If you travel the meandering Sepik River of New Guinea, it quickly becomes apparent that from one bend to the next the people along the banks speak distinct languages. The island’s remarkable linguistic diversity reflects real genetic differences, a research team reports this week in Science. More unexpected, the team concludes that this genetic variation dates back just 10,000 to 20,000 years, rather than to 50,000 years ago or so, when humans first arrived.
In the highlands, people split into three very distinct clusters of social groups within the past 10,000 years, soon after they began cultivating plants. In the lowlands, two main clusters arose in the north and south.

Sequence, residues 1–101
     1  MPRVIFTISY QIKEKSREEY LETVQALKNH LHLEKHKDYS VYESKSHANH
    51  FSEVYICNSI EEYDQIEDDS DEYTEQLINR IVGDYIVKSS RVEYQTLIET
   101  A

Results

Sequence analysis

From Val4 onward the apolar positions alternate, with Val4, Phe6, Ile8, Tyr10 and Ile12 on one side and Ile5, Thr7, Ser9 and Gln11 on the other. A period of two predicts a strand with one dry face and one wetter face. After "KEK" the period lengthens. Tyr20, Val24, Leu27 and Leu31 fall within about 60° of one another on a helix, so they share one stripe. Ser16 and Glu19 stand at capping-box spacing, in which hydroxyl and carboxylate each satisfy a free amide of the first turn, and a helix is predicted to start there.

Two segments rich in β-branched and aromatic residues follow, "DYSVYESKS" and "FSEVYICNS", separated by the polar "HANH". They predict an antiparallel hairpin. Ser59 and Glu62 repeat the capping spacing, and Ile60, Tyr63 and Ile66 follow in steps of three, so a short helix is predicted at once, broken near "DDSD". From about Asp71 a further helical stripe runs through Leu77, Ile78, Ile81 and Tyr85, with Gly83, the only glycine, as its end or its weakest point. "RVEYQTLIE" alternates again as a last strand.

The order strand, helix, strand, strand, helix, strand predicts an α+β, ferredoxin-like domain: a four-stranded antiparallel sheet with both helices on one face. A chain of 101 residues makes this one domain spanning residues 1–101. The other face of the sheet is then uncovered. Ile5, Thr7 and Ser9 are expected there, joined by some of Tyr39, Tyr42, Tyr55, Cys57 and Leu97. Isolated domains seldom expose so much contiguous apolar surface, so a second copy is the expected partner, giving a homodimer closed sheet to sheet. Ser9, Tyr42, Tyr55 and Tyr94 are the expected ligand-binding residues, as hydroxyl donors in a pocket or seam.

The best explanation for this pattern, says [says team member Anders Bergström, a graduate student at the Wellcome Trust Sanger Institute in Hinxton, U.K. In Europe], is that once people began cultivating crops, they spread their genes across the island along with the technology. But soon afterward, their descendants apparently stopped mixing as much and evolved distinct local genotypes. Although researchers have long thought that the island’s mountainous terrain kept highland groups isolated, this study finds that the clusters formed in both the highlands and lowlands—where the terrain is flatter. Cultural factors, such as warfare or within-group marriage, were more important than geographic barriers in preventing mixing, Bergström suggests.
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